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Transfer of rosuvastatin into breast milk: liquid chromatography–mass spectrometry methodology and clinical recommendations

Authors Lwin EMP , Leggett C, Ritchie U, Gerber C, Song Y , Hague W , Turner S, Upton R , Garg S 

Received 15 August 2018

Accepted for publication 21 September 2018

Published 29 October 2018 Volume 2018:12 Pages 3645—3651


Checked for plagiarism Yes

Review by Single anonymous peer review

Peer reviewer comments 2

Editor who approved publication: Dr Georgios D. Panos

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Ei Mon Phyo Lwin,1 Catherine Leggett,2 Usha Ritchie,2 Cobus Gerber,1 Yunmei Song,1 William Hague,3,4 Sean Turner,2 Richard Upton,1 Sanjay Garg1

1School of Pharmacy and Medical Sciences, University of South Australia, Adelaide, SA 5000, Australia; 2SA Pharmacy, Women’s and Children’s Hospital, North Adelaide, SA 5006, Australia; 3Robinson Research Institute, University of Adelaide, SA 5006, Australia; 4Obstetric Medicine, Women’s and Children’s Hospital, North Adelaide, SA 5006, Australia

Rosuvastatin reduces concentrations of total cholesterol (TC) and is used for the management of hypercholesterolemia and prevention of acute coronary syndromes. There are no published reports estimating infant exposure to rosuvastatin through breast milk.
Purpose: The aims of this study were to quantify concentrations of rosuvastatin in human milk and plasma from a lactating woman taking rosuvastatin and to investigate potential infant exposure.
Materials and methods: A 38-year-old breastfeeding mother was commenced on rosuvastatin 20 mg daily for secondary prevention of an acute coronary syndrome. Eight maternal breast milk samples and a single plasma sample were collected over a 24-hour period. The samples were quantified using a sensitive liquid chromatography–mass spectrometry (LC-MS/MS) method.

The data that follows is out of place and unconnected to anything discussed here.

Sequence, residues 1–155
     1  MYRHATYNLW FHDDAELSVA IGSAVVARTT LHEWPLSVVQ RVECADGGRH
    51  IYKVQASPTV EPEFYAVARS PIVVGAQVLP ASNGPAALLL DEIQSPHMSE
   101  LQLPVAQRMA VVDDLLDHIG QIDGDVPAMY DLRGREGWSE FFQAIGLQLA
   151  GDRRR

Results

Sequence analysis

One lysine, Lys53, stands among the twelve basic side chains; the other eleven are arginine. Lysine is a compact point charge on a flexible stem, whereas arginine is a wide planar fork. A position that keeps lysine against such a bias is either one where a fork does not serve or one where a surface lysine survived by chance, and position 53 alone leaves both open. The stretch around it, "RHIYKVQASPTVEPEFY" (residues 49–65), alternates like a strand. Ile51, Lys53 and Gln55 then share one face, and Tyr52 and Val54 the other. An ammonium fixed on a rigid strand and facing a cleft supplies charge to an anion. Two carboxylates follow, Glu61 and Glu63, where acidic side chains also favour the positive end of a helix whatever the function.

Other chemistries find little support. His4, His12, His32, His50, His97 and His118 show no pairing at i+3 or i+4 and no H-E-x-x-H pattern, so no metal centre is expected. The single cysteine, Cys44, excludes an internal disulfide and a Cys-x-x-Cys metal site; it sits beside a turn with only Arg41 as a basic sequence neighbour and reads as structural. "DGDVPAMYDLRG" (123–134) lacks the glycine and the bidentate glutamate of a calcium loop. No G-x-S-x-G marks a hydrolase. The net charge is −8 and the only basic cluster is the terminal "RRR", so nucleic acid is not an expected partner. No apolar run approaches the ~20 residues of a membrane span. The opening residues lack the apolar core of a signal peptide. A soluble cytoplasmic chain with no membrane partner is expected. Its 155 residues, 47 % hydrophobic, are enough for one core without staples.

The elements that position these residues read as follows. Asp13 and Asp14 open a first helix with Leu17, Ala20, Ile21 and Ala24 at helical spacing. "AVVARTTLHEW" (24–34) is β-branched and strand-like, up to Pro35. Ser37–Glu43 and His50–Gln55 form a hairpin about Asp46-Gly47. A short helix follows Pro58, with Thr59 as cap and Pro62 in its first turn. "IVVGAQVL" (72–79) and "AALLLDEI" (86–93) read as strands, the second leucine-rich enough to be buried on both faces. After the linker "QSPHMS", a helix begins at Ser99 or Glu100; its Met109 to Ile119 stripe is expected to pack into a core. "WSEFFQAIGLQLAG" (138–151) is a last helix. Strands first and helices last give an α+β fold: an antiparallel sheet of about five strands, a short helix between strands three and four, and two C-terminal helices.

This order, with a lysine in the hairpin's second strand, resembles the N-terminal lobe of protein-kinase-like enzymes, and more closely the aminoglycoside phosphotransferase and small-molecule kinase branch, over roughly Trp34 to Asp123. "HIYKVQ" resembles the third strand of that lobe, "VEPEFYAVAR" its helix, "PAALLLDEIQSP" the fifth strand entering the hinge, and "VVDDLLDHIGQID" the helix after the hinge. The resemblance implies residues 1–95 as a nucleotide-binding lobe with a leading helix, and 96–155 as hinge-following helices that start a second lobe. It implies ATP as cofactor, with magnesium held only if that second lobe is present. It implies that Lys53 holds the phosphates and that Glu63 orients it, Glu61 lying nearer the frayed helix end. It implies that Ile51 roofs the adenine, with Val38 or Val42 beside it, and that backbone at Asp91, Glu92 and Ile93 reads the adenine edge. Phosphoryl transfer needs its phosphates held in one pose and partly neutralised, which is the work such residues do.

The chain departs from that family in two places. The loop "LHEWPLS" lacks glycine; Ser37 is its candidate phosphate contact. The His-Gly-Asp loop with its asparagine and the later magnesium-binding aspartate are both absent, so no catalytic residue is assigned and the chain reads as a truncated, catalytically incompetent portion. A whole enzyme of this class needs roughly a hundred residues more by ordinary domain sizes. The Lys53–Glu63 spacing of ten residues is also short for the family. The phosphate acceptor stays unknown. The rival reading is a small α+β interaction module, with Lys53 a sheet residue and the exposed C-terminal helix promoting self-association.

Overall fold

Results: The average concentration of rosuvastatin in breast milk was 30.84 ng/mL, and a peak concentration of 58.59 ng/mL occurred at 17 hours after oral administration. Although the milk-to-plasma (M/P) ratio was 16.49 at 14 hours, the theoretical infant dosage (TID) and relative infant dose (RID) were 0.005 mg/kg/day and 1.50%, respectively.
Conclusion: The findings suggest that only small amounts of rosuvastatin pass into breast milk. Should the maternal condition necessitate treatment, consideration could be given to the use of rosuvastatin during breastfeeding provided the infant is monitored.

Keywords: rosuvastatin, LC-MS/MS, human plasma, human milk, lactation


Rosuvastatin is a 3-hydroxy-3-methylglutaryl coenzyme A (HMG-CoA) reductase inhibitor indicated for the management of hypercholesterolemia and dyslipidemia and prevention of acute coronary syndrome. The health benefits of statin use are protection from stroke or heart attack and possible cardiovascular protection in diabetic individuals.1 Rosuvastatin reduces total cholesterol (TC), low-density lipoprotein (LDL) cholesterol and triglycerides (TGs) and increases high-density lipoprotein (HDL).2 Rosuvastatin is administered at a usual daily dose of 5–20 mg, as its half-life is approximately 19 hours.3 Theoretically, rosuvastatin may be more suitable for use in breastfeeding than other statins as it has a relatively large molecular weight (1,001.14 g/mol), a higher degree of protein binding (90%) and a higher volume of distribution compared with other statins.3,4 In addition, rosuvastatin has a pKa of 4.6 and is considered to be a hydrophilic statin. The use of cholesterol-lowering medications during breastfeeding is currently not recommended due to potential adverse effects on the breastfed infant. Cholesterol and other products of cholesterol synthesis are vital to infant development, and concerns have been raised that the use of statins may disrupt infant lipid metabolism.3,4

There is limited published evidence of statin transfer into rat and human milk. Henck et al5 reported that atorvastatin concentrations in rat milk are three times higher than those in plasma, but this may not accurately reflect human milk concentrations.6 Schutte et al6 confirmed the presence of rosuvastatin in human milk after oral administration. This study, however, was not conducted according to Food and Drug Administration (FDA) guidelines and did not report either a 24-hour concentration–time curve or provide an estimation of infant exposure.7

Given this paucity of information, we therefore aimed to measure the amount of rosuvastatin present in human breast milk and plasma from a lactating woman taking rosuvastatin to estimate the exposure of the breastfed infant to the drug.

Materials and methods